Finding the height of windows taskbar

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IISc geetha
IISc geetha on 21 Nov 2012
Answered: Jan on 24 Mar 2021
Dear all, I want to place my figure above the location of the taskbar. The height of the taskbar varies according to screen size..Can somebody tell me how to find the height of the windows taskbar in pixels using Matlab.
Yours faithfully, Geetha

Answers (3)

Ralph Coleman
Ralph Coleman on 7 Oct 2020
Edited: Ralph Coleman on 7 Oct 2020
Temporarily maximizing a window is slow, and the Position property is not updated until rendering has completed.
Fortunately, if you do not mind using Java commands in your MATLAB script, there is a much more elegant way to find the screen size and the space occupied by the taskbar of your main display:
toolkit = java.awt.Toolkit.getDefaultToolkit();
scr_size = toolkit.getScreenSize();
fprintf('Screen size is: %d x %d\n', scr_size.width, scr_size.height)
jframe = javax.swing.JFrame;
insets = toolkit.getScreenInsets(jframe.getGraphicsConfiguration());
fprintf('Windows task bar height is: %d\n', insets.bottom)
Note that the other properties of "insets" can be used if the taskbar is not located in the usual place at the bottom.
scr_size = get(0,'ScreenSize');
titleBarHeight = 31;
scr_size = scr_size + ...
[insets.left, insets.bottom, -insets.left-insets.right,];
uifigure('Position', scr_size);
This example code will create a figure which fills the available space (without being maximized), independently of the position of the taskbar.
To avoid hard-coding the height of the title bar (31 pixels), you could use the following code, but there must exist a better way I am sure to retrieve this value, which does not depend on MATLAB but on the operating system.
fh = figure('Menu','none','ToolBar','none','Visible','off');
titleBarHeight = fh.OuterPosition(4) - fh.InnerPosition(4) + fh.OuterPosition(2) - fh.InnerPosition(2);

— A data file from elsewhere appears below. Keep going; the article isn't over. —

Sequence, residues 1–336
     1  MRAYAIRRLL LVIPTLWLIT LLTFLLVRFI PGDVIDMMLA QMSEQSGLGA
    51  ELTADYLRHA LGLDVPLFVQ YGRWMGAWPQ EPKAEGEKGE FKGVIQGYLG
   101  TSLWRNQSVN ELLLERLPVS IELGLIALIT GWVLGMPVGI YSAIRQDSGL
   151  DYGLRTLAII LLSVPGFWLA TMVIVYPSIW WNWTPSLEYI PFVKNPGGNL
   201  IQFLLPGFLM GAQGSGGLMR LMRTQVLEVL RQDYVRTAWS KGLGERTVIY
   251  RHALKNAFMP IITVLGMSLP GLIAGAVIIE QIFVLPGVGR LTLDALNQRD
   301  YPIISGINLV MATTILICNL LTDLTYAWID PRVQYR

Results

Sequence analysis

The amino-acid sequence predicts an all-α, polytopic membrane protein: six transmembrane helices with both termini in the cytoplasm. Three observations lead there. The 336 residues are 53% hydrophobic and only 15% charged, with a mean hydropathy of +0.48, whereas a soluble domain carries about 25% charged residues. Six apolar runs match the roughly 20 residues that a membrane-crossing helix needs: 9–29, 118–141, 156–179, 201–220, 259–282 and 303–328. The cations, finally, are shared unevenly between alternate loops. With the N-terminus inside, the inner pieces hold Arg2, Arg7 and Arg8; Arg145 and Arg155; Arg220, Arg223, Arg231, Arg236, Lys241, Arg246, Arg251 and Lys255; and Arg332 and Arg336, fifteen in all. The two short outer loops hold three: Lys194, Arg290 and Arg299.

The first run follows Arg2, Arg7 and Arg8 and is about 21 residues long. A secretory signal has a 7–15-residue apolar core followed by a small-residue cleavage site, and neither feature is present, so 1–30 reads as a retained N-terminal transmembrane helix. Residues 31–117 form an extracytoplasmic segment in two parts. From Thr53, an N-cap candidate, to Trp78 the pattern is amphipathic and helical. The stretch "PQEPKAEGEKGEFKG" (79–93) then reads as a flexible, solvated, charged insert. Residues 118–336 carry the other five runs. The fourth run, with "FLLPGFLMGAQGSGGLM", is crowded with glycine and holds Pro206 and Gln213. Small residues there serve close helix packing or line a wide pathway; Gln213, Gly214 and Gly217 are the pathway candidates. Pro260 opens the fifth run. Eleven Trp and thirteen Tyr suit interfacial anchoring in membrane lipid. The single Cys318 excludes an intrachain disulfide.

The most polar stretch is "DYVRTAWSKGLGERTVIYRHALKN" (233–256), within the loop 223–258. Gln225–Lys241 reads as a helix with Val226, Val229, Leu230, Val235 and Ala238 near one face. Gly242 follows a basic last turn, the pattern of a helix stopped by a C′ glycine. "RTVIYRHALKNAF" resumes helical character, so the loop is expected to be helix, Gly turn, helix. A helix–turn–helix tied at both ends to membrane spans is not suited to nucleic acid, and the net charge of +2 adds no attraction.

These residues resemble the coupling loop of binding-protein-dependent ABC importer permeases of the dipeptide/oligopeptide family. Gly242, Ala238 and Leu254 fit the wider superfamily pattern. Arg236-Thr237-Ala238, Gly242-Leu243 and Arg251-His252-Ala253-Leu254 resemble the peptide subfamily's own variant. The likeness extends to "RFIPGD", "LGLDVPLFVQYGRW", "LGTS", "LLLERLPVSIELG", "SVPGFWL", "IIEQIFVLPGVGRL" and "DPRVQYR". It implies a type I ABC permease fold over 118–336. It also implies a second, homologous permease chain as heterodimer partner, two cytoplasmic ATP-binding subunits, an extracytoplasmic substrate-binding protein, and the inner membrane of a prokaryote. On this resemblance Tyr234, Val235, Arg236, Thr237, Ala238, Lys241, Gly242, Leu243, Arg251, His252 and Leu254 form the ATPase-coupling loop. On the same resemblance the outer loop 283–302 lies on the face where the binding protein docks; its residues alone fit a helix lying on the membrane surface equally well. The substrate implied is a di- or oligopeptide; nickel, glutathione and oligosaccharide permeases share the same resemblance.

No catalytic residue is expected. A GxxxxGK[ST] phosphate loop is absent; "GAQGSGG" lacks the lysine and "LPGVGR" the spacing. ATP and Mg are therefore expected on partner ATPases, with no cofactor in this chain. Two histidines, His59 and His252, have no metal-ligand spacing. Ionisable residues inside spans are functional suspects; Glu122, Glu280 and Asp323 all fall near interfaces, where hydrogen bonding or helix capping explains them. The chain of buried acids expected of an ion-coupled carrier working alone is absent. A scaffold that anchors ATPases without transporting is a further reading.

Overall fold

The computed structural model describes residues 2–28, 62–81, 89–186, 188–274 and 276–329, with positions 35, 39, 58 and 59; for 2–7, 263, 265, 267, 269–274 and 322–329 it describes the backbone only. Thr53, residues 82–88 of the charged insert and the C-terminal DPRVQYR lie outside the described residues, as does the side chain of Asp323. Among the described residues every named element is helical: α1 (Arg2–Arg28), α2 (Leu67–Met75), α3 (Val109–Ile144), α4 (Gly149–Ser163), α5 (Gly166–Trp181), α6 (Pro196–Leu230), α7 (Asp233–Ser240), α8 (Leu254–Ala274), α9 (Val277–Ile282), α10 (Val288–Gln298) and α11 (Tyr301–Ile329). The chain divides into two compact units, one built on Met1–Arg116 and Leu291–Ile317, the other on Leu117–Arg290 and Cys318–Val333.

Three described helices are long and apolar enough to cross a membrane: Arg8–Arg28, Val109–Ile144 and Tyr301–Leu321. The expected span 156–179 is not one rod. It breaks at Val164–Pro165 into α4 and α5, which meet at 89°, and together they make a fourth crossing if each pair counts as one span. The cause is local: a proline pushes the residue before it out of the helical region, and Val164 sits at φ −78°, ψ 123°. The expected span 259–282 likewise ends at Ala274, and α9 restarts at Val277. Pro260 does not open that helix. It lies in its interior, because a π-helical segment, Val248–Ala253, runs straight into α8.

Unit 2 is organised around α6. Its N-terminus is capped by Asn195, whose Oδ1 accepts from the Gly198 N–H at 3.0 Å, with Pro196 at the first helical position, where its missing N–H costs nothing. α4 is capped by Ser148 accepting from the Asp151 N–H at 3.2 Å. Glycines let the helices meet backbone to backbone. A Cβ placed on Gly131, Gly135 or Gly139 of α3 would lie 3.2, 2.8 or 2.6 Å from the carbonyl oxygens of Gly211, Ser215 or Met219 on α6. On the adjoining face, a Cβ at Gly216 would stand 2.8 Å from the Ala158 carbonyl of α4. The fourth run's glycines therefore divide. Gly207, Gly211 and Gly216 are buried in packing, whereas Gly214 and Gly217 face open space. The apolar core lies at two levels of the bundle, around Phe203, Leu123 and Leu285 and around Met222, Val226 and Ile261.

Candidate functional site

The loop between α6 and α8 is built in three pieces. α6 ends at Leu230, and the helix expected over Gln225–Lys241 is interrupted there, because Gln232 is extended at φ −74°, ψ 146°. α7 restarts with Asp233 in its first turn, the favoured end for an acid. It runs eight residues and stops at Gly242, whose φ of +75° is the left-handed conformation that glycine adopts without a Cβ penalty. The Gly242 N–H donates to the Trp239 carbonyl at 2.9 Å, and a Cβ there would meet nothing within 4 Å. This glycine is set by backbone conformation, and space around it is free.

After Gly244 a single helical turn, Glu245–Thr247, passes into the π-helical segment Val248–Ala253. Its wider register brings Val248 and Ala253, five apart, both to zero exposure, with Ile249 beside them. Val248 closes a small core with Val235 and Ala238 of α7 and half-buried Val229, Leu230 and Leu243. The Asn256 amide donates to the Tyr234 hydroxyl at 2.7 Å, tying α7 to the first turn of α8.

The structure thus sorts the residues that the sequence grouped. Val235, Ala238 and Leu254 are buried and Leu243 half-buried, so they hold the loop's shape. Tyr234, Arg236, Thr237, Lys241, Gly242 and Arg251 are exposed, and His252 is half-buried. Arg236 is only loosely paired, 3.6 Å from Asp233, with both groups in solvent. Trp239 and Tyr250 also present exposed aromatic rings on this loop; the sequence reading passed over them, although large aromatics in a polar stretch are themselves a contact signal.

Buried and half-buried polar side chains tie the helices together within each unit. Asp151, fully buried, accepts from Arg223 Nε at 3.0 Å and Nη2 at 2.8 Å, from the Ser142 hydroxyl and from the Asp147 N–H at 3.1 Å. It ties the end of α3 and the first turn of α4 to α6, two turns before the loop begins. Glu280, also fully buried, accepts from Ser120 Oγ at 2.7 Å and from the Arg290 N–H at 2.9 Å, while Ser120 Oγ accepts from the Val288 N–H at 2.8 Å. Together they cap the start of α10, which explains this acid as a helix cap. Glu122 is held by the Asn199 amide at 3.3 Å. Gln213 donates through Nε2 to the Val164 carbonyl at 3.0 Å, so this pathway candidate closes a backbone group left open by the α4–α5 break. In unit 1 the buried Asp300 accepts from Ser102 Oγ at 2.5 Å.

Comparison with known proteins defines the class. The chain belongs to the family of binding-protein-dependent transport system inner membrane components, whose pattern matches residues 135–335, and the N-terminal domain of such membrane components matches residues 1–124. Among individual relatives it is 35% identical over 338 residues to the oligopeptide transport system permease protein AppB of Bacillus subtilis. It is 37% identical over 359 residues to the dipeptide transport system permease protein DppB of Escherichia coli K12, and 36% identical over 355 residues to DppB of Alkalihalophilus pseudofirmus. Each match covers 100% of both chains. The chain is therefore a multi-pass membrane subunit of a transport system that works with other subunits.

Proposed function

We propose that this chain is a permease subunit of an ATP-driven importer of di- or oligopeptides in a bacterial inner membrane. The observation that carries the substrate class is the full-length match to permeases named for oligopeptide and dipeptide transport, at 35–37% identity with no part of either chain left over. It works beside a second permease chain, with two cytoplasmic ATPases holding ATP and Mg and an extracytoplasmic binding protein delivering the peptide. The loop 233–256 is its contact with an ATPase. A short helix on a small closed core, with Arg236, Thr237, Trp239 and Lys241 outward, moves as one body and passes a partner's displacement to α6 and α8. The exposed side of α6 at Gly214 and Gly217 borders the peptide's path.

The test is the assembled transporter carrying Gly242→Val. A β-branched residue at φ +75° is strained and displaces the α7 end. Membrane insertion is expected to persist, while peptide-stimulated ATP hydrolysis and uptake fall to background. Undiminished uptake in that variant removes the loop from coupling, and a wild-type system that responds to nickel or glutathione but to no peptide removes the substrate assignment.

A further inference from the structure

Matt Fig
Matt Fig on 21 Nov 2012
Here is how to figure it out. First make a figure then maximize it, then look at its position.
>> figure % maximize this figure
>> P2 = get(gcf,'pos');
>> P2(2) % The taskbar height.
ans =
Daniel Charles
Daniel Charles on 1 May 2019
I like your idea of maximing a figure to find the usable area of the screen. Perhaps a more complete approach would look something like this:
h = figure('Units','pixels'); % open a figure, save the handles to a variable
h.WindowState = 'maximized'; % maximize the figure window
h.OuterPosition % will give you [x-location, y-location, width, height] relative to the lower lefthand corner of the screen
You can get the position(s) and size(s) of the monitor(s) using:
r = groot; % graphics root object
r.MonitorPositions % will give you [x-location, y-location, width, height] for each monitor in rows
Then you can do the math to figure out which screen the figure is on, if the taskbar is on that screen, and, if so, where.

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Jan on 24 Mar 2021
You can move the taskbar to the side and to the top, hide it dynamically and change the size. The static determination of the height is not reliable.
You can use FEX: WindowAPI to determine the sizes of the monitors with and without task bar.

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